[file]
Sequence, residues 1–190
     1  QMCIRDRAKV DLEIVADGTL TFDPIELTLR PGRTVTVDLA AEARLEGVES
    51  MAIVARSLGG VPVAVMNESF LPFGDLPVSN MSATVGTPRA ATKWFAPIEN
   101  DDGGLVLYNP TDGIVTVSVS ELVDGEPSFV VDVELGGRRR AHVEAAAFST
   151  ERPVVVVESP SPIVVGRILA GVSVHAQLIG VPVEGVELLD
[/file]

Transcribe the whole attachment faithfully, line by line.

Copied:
Sequence, residues 1–190
     1  QMCIRDRAKV DLEIVADGTL TFDPIELTLR PGRTVTVDLA AEARLEGVES
    51  MAIVARSLGG VPVAVMNESF LPFGDLPVSN MSATVGTPRA ATKWFAPIEN
   101  DDGGLVLYNP TDGIVTVSVS ELVDGEPSFV VDVELGGRRR AHVEAAAFST
   151  ERPVVVVESP SPIVVGRILA GVSVHAQLIG VPVEGVELLD